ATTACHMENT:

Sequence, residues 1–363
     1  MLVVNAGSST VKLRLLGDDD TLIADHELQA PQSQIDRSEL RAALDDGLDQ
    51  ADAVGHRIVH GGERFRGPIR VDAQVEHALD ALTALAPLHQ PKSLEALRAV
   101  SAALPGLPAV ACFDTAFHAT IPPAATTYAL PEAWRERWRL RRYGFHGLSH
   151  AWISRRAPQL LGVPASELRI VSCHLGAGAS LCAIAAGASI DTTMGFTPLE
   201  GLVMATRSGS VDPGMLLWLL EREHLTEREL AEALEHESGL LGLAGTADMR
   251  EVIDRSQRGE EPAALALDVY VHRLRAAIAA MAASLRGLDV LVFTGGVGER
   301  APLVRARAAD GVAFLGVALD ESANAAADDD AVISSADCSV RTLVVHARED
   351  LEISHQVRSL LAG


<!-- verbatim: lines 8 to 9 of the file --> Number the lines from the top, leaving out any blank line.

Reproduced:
   301  APLVRARAAD GVAFLGVALD ESANAAADDD AVISSADCSV RTLVVHARED
   351  LEISHQVRSL LAG